Tax liabilities can be minimized but cannot be eliminated. But what makes paying taxes worse is the surprise and unexpected pain it can create if the taxpayer is caught unaware. It’s terribly bad service if a CPA tells their client on April 13th to cut a $10,000 check to pay their taxes due on the 15th.
If managed and planned for properly, the surprise can be taken out of the equation. Yearend tax planning can inform the client in late December that he or she will owe $10,000 in taxes on April 15th. A client then has four months to plan for it accordingly. Tax planning can assist not just for April 15th but also for any quarterly estimated tax payments for the upcoming year due June, September and January 15th.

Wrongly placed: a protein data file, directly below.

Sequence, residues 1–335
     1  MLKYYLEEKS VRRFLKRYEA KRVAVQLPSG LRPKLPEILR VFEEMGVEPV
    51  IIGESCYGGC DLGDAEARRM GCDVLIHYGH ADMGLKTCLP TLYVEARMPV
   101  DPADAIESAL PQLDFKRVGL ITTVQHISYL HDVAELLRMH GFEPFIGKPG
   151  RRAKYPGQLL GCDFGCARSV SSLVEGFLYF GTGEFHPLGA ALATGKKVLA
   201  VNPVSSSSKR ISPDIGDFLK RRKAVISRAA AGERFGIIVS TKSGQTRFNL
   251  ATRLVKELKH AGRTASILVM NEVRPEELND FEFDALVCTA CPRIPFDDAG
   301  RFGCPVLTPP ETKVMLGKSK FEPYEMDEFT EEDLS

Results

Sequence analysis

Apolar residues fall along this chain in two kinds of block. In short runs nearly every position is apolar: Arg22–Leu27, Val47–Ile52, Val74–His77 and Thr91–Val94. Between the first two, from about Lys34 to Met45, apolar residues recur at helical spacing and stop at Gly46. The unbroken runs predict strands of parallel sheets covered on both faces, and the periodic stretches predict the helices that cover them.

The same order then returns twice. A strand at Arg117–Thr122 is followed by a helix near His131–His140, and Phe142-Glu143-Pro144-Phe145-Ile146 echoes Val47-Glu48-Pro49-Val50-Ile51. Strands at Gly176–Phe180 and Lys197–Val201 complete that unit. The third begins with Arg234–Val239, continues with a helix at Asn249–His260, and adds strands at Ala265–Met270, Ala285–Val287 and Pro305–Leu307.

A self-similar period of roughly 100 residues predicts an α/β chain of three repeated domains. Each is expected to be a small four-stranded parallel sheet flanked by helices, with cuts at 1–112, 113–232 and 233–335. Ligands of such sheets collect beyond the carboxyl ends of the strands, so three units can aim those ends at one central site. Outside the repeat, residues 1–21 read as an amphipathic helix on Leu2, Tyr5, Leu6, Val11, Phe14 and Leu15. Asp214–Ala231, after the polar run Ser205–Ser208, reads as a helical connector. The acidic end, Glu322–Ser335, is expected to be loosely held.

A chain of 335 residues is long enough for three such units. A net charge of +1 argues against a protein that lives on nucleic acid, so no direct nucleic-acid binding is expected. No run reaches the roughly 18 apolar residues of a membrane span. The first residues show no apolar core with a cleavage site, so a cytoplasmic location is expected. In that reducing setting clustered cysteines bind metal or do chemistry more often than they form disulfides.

Tax planning is not just telling a client how much they owe and when to pay it. There are legitimate techniques and strategies that are available to reduce a person’s income tax liabilities. They are largely based on a person’s specific facts and circumstances as well as their risk adverse comfort level.
I normally don’t advocate one strategy or pursue an aggressive tax position. Part of my responsibility is to give my client both the advantages and consequences of the choices available. It’s their money; not mine. They should be comfortable with the decision that affects their money.